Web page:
Volume 68, Number 1 · Fall 2018

Derision

Until you arrived with your accoutrements,

white man, causing the girls to cover

their mouths, I was quarreling

with the porridge seller and rocking

this boy to sleep with my stamping

dance—it always works. Don’t be

fooled by my eyes. Sometimes the beginning

of derision looks like fear. Instead

think of these lips opening in

defiance and the music you

will see in my eyes—laughter,

heavy as stones—will pelt you,

Mr. Cameraman. What are

you stealing from my body, sir?

Will you tell me this, now, Sir?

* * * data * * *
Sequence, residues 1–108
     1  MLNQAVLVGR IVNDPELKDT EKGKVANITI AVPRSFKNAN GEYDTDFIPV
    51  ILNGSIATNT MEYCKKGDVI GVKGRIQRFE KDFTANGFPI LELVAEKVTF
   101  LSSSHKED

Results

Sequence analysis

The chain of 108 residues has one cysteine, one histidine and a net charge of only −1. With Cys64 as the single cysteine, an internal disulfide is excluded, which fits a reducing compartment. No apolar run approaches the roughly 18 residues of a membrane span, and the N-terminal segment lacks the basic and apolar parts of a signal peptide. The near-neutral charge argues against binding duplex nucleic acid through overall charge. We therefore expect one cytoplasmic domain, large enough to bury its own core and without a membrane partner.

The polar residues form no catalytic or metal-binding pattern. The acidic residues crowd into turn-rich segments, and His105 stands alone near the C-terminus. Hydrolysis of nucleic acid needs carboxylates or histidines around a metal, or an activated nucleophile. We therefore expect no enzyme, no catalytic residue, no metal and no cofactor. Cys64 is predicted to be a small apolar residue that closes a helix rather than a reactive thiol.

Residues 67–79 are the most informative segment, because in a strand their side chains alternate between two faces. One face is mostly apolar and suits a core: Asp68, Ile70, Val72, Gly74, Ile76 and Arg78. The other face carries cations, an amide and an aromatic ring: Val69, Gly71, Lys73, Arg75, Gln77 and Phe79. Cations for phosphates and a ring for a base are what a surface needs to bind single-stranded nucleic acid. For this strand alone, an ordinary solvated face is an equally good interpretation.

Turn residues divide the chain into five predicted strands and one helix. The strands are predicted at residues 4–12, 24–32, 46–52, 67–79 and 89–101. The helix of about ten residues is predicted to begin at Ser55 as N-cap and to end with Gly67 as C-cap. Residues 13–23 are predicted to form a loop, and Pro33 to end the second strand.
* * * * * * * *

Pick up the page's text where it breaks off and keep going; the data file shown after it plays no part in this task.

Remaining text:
Kwame Dawes is the author of twenty-one books of poetry and numerous other books of fiction, criticism, and essays. In 2016 his book, Speak from Here to There, a co-written collection of verse with Australian poet John Kinsella, appeared. His most recent collection is City of Bones: A Testament (Northwestern University Press, 2017). He is Glenna Luschei Editor of Prairie Schooner, and teaches at the University of Nebraska and the Pacific MFA Program. He is director of the African Poetry Book Fund and artistic director of the Calabash International Literary Festival. He is a chancellor of the Academy of American Poets.